Soil Health Series - Soil Structure
- 3 February 2016
Over the next few weeks we will be posting an article about the pillars of healthy soils and crops and the foundation of food production in modern agriculture. Each area is as important as the other and while we often focus on one or two if these pillars (often Mineral Fertilisers and Soil Structure) we neglect the others which have the result of degrading our soils and restricting performance.
- Building Humus
- Soil Microbes
- Soil Structure
- Mineral Fertilisers
Many people are aware of what soil type they are farming on but few consider a soil’s structure, though, even though in most soils, the structure is just as important. Two of the same types of soils can perform very differently depending on their structure.
The structure of a soil is one of the most important factors in determining soil health and therefore the productivity of a paddock. Often however this is overlooked as a defining factor in crop success. Your soil structure will influence the drainage and water holding capacity of the soil as well as other crucial factors including the aeration available in the soil. Soil structure also has a big physical impact on plants by influencing root growth and penetration and aiding the flow of nutrients.
What we look for in a soil is a good aggregate or friable (crumbly) soil. This has multiple benefits as there will be good moisture holding capacity within the soil crumbs and also around the crumbs, there is plenty of drainage and aeration to allow roots to thrive. Other soil organisms including microbes and earthworms will also benefit from a good soil structure as oxygen is available while moisture is able to be held and movement through the soil is easier.
How soil structure develops
Soil structure refers to how particles of soil are grouped together into aggregates. They are cemented or bound together by physical, chemical, and biological processes.
Physical-chemical processes that build soil structure include:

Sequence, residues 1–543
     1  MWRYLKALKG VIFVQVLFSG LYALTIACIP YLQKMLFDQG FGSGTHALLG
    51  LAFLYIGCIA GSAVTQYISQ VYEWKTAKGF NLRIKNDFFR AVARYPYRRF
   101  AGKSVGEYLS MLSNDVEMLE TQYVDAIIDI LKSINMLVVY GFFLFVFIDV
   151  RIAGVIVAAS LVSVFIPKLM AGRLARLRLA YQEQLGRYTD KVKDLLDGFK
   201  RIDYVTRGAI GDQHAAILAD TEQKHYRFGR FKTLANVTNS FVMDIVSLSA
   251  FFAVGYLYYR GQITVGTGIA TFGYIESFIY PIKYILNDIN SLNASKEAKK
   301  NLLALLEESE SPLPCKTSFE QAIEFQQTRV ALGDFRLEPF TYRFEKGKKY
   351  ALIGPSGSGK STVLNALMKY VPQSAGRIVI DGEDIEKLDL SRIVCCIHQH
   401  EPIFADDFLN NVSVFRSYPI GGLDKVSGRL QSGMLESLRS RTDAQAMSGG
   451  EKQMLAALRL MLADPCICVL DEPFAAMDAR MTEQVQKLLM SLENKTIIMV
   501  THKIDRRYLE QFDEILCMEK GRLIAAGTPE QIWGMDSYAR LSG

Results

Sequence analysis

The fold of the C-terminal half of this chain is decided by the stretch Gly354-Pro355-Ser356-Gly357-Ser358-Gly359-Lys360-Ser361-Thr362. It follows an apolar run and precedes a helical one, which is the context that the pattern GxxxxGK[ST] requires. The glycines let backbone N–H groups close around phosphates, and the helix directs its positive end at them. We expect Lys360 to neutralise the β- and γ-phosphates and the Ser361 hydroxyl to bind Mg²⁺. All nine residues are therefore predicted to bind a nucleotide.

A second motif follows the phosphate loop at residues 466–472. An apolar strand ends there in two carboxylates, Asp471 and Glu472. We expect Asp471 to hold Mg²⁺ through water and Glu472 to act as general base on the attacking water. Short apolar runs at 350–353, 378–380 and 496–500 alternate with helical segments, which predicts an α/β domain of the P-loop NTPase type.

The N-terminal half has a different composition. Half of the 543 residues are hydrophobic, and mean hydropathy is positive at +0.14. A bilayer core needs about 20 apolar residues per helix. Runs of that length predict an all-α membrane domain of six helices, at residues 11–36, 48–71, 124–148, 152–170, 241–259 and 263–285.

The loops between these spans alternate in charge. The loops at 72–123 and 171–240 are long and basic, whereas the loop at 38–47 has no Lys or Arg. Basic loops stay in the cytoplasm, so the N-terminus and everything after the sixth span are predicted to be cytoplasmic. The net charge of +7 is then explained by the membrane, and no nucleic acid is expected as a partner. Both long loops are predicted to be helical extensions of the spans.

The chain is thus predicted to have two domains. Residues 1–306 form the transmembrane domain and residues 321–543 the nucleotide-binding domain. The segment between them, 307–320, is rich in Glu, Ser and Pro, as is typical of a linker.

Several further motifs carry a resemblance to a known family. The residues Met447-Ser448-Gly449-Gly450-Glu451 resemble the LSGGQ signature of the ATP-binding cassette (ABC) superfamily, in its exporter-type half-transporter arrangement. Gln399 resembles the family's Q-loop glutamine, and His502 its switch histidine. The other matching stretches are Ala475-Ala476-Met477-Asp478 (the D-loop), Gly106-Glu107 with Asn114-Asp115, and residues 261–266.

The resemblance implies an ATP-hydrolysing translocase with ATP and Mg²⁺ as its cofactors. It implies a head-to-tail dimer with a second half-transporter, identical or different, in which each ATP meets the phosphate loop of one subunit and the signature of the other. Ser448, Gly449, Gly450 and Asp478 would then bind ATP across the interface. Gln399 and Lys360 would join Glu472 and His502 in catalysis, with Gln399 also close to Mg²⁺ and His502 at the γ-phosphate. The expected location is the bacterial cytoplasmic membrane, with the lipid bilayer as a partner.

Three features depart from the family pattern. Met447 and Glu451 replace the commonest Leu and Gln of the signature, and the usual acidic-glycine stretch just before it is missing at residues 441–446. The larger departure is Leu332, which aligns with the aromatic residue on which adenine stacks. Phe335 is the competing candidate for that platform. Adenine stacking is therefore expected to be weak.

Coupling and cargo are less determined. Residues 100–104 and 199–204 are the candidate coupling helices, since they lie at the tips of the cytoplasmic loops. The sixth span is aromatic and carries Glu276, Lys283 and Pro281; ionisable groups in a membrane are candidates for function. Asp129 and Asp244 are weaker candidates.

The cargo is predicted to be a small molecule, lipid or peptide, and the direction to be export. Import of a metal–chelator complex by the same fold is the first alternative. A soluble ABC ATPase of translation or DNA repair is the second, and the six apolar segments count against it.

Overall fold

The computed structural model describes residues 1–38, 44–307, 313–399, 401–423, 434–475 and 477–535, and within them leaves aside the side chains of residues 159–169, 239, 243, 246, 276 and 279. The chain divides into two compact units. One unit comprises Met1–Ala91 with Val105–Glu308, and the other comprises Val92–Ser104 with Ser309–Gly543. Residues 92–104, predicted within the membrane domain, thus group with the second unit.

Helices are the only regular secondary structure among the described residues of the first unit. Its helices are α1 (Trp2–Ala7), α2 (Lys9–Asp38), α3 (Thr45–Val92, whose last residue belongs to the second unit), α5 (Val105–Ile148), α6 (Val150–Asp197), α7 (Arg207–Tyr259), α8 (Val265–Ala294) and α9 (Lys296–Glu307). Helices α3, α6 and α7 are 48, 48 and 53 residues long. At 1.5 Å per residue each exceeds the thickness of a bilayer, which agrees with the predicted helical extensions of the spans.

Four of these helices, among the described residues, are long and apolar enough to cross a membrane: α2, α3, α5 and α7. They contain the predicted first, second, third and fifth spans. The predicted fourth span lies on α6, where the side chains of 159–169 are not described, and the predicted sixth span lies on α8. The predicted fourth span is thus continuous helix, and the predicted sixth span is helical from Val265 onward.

Polyvalent cations like Ca2+, magnesium Mg2+, and aluminum Al3+ bind together clay particles
Soil particles are pushed closer together by freezing and thawing, wetting and drying, and by roots pushing through the soil as they grow in length and width.
Biological processes that build soil structure include:
Soil particles are cemented together by humus, by organic glues created by fungi and bacteria decomposing organic matter, and by polymers and sugars excreted from roots.
Fungal hyphae and fine roots stabilize aggregates (University of Minnesota Extension 2002.)
Organic matter and plant roots are therefore key to soil structure.
How soil structure deteriorates
Factors that can deteriorate or destroy soil structure include, for example:
- Removal of vegetation
- Excessive moving and handling of soil
How to Enhance Soil Structure
- Add organic matter in the form of crop residues or green manures. Soil organic matter helps bind soil particles together in crumbs and also directly improves the moisture holding capacity of soil.
- Introduce pasture plants with deep or fibrous roots to increase porosity and add organic material that helps bind soil particles together. In compacted or clay soils, spreading roots break up soil and create pathways through which water can seep deep within the subsoil. Decomposing root masses provide organic material that soaks up water like a sponge. In dry, sandy or rocky soils, organic material helps hold soil together and increases water retention.
- Add lime - Calcium availability helps flocculation (binding aggregates through holding colloids, humus and clay particles, together). Calcium is important for good soil structure as this double charged cation has the effect of flocculating or drawing together soil particles to help form a nice crumb structure in soil (bringing good drainage and soil aeration).
- Reduce stock loading to reduce the likelihood of compaction
- Add a Microbial inoculant – an inoculant like EM will help build soil structure by stimulating the biological function in the soil. EM adds both fungu and bacteria to a soil and stimulates resident microbes to speed up the biological function of a soil to breakdown organic matter and build a positive soil structure.